Job Skills Training Program Example Resume Entries 9/04 – 12/04 Crew Member   

Job Skills Training Program

Seattle, WA

Completed class work covering maritime theory and safety. On the job training both in a workshop environment and on the water. Developed excellent customer service skills by assisting with boat rental.

Center for Wooden Boats - Seattle, Washington March – June, 2004 Crew Member Completed a twelve-week intensive maritime training course, including weekly on-the-water training. Gained comprehensive knowledge of on-the-water safety and procedures. Duties included assisting with boat rental, preparing boats for customers, and answering questions about maritime history for visitors.

J OB S KILLS T RAINING P ROGRAM

 Camano Island, WA

Crew Member September – December 2005 Twelve week training program including weekly training at a fully operational woodshop on Camano Island. Collaborated with co-workers and staff to build an 18-foot wooden skiff. Duties included: Preparation of surfaces for painting and varnishing, cutting wood to specifications, ensuring that safety procedures were followed effectively, and motivating fellow crew members.

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Job Skills Training

Student Notebook – Page 21


Job Skills Training [Street Address] _______________________________  [phone] ______________[e-mail]______________________

[Your Name] _________________________

Objective [Describe your career goal or ideal job.]______________________________________________ ________________________________________________________________________________ ________________________________________________________________________________

Experience [Dates of employment]

[Company Name]

___________________

________________________

[City, ST] ___________

[Job Title] _____________________ 

[Job responsibility/achievement]__________________________________________________

_____________________________________________________________________________

[Dates of employment]

[Company Name]

___________________

________________________

[City, ST] ___________

[Job Title] _____________________ 

[Job responsibility/achievement]__________________________________________________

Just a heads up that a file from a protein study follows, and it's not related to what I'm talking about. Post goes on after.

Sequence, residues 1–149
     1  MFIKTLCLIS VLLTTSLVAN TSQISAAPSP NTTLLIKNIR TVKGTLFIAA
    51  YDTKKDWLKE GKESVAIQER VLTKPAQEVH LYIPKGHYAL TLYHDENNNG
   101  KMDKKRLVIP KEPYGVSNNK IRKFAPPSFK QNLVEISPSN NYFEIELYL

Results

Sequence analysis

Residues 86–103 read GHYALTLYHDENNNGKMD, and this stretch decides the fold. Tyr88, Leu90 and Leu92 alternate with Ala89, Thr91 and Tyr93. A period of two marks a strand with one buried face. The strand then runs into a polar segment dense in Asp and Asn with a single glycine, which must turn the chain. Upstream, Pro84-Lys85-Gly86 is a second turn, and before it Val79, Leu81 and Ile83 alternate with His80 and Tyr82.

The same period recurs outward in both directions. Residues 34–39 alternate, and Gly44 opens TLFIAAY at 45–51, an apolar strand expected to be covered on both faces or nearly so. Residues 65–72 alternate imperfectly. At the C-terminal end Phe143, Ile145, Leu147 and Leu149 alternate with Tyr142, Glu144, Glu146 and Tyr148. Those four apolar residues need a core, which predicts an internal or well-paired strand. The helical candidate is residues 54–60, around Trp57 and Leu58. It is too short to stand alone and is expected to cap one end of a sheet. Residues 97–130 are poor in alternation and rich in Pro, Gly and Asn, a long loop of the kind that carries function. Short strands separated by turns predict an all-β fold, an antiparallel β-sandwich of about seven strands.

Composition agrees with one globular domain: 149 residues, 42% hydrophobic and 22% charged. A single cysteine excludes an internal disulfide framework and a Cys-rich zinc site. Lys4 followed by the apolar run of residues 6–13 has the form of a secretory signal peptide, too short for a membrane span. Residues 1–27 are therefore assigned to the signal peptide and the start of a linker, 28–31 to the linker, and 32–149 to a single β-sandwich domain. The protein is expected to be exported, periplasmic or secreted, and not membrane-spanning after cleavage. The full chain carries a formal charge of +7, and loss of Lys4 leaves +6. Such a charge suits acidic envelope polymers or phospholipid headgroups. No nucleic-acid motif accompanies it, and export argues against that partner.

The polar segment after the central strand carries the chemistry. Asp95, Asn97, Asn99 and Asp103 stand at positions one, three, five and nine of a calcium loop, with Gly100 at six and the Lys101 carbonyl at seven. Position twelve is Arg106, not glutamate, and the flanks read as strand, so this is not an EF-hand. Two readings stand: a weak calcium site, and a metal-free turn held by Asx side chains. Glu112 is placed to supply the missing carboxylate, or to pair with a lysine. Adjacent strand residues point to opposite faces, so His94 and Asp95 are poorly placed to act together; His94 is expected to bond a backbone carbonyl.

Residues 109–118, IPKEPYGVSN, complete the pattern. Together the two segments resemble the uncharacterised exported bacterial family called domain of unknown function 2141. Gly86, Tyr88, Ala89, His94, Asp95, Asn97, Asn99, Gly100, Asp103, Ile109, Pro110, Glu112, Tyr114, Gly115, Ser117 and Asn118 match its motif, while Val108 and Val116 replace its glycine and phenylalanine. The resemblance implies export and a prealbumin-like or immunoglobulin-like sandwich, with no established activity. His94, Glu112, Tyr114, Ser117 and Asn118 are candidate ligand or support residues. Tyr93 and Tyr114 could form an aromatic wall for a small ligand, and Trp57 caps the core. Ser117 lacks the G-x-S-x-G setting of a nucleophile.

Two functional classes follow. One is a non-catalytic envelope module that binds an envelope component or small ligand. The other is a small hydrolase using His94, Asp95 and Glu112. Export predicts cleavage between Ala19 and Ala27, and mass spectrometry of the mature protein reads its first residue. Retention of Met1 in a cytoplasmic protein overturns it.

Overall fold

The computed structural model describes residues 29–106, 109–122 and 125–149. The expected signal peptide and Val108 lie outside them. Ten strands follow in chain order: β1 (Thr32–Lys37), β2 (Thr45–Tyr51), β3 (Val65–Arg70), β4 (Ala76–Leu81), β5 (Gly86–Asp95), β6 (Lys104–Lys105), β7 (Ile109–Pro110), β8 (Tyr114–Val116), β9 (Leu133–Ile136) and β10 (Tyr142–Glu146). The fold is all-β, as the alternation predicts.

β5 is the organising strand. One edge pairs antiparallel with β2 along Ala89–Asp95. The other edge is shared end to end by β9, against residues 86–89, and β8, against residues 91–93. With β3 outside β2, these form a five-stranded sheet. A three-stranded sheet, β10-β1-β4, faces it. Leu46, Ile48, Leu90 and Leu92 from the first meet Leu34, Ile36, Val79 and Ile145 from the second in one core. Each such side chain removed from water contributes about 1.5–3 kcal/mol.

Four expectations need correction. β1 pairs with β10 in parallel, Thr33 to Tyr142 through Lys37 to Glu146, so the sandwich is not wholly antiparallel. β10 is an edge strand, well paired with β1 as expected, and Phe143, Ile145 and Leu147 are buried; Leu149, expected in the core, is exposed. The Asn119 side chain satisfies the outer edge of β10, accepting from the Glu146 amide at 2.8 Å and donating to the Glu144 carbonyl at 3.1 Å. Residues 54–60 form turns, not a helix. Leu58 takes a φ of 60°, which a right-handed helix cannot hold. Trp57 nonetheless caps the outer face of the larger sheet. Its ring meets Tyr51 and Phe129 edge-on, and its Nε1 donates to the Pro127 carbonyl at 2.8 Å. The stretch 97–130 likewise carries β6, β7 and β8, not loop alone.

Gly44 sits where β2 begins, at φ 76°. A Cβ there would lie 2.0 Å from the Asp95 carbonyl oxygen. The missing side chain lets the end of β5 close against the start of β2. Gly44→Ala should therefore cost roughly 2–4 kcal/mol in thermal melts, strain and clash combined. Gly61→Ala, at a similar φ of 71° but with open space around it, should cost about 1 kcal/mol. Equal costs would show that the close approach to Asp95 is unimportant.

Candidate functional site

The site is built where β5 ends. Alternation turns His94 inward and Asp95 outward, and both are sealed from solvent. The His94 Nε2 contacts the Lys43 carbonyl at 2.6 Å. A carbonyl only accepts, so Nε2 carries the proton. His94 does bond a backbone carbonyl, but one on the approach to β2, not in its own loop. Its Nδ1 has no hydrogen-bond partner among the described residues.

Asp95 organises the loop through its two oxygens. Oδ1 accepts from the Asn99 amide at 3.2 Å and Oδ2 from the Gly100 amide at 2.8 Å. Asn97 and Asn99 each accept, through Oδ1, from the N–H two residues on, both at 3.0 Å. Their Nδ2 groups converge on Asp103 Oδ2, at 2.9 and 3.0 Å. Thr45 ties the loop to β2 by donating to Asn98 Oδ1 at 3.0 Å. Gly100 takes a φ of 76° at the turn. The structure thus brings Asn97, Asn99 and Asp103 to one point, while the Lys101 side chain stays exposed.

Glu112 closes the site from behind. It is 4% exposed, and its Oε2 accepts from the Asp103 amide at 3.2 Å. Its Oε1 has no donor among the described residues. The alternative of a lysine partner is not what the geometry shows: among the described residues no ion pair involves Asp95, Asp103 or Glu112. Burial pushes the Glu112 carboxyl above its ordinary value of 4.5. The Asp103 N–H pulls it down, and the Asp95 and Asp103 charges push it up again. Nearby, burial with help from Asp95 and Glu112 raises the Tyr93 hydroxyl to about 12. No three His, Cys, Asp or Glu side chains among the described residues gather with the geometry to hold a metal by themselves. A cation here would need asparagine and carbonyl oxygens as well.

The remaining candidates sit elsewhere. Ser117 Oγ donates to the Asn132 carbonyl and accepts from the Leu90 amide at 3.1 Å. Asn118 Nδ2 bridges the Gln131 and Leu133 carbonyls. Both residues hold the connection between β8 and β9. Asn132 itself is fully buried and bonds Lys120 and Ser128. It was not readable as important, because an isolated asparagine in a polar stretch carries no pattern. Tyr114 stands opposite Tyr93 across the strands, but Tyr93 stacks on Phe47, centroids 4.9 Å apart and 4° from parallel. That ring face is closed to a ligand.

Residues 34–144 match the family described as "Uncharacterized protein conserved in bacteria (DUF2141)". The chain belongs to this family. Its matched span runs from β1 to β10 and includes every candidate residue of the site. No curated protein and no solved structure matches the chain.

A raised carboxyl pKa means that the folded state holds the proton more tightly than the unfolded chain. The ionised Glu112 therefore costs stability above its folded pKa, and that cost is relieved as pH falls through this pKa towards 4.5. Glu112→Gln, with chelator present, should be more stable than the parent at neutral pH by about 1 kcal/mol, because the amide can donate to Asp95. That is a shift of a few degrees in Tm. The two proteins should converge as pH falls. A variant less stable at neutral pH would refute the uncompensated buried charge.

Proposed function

_____________________________________________________________________________

Skills [Your strengths/abilities] 

[Include second languages, technical and computer skills]_____________________________

_____________________________________________________________________________

_____________________________________________________________________________

Education [Dates of attendance]

[School Name]

__________________

_________________________

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Job Skills Training

[City, ST] ___________

Student Notebook – Page 22


Job Skills Training

Cover Letter Essentials What is a Cover Letter? A cover letter is a way of introducing yourself to potential employers and explaining your suitability for the desired position. Employers may look for individualized and thoughtfully written cover letters as one method of screening out applicants who are not sufficiently interested in their position or who lack necessary basic skills. What do I do with a Cover Letter? Send it to potential employers along with your resume and application. Even employers who don’t specifically request a cover letter expect to receive one. The only time you should turn in an application for employment without an accompanying cover letter and resume is if the employer specifically requests you do not submit said items, this is a rare occasion. Become accustomed to tailoring a cover letter to every position you apply for.

Basics of a Cover Letter 

Letterhead: Your resume and cover letter should match. Your name, email, addresses and phone number should look the same on both documents.  Date, Company Name & Address: Do some research if you don’t have this information. Try to include as much as possible, at the very least company full name. Greeting: Personalize the greeting with a name if you have it, or use “Dear Recruiter”, “Dear Hiring Manager”, “Dear Search Committee”, or “Dear Sir/Madam.” Try to avoid “To Whom it May Concern”. If you know a name always use “Mr.” or “Ms.” (NEVER use “Mrs.” Unless you know the person is married.) Paragraph #1: Why you’re writing, the name of the position, where you heard about the position. This is a good place to state your objective. Since you know the specific job being offered you can tailor your objective to suit the position.  If you have a name to drop, do it now. If you know an employee or have any sort of positive relationship with the company/organization mention that now. Paragraph #2: Explain why you’re interested in this position. Describe how your education, experiences, and other personal qualifications support your capacity to succeed in this position. Emphasize specific skills and abilities that relate to the position for which you’re applying.  Match your cover letter to the job for which you’re applying. Read and re-read the job description being sure that the cover letter you’re writing directly address the skills and abilities being sought by the employer.  Show off your writing skills, proper grammar and sentence structure go a long way. Use professional language, and if possible language specific to the industry for which you’re applying.  This is also where you show that your cover letter is not generic and you do know what they are looking for in an employee. Paragraph #3: The closing should be short and concise. Briefly restate your interest, let the reader know you are interested in a response. Close your letter with something like “I look forward to hearing from you soon” and “Thank you for your consideration”